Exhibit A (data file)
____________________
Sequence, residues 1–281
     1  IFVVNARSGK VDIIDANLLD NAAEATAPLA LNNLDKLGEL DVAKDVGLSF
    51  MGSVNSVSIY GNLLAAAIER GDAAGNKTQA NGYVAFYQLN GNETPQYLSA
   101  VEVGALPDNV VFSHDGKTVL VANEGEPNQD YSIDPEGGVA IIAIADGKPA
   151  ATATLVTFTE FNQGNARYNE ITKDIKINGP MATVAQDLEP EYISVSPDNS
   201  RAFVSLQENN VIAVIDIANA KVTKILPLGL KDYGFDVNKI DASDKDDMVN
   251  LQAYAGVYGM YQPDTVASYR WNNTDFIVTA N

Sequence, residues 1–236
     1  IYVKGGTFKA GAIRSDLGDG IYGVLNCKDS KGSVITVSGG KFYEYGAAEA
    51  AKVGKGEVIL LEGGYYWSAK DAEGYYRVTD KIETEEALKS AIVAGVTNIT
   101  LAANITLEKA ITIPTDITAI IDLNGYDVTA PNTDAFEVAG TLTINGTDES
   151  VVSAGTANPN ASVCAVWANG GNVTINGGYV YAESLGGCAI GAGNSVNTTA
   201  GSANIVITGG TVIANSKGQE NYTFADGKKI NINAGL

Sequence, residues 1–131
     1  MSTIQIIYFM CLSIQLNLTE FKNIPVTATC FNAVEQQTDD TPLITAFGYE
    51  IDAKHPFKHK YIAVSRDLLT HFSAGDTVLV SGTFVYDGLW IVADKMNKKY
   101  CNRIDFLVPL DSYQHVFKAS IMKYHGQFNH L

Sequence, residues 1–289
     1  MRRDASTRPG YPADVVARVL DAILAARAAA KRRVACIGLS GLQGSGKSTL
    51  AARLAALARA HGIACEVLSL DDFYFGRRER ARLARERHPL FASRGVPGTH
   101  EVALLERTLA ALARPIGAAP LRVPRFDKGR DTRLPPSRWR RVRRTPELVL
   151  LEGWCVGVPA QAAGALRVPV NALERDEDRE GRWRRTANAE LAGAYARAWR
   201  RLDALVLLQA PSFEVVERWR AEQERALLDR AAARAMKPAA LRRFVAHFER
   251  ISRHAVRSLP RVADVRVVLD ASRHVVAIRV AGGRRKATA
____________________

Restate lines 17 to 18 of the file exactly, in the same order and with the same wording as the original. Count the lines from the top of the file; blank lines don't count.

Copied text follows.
   101  CNRIDFLVPL DSYQHVFKAS IMKYHGQFNH L

Sequence, residues 1–289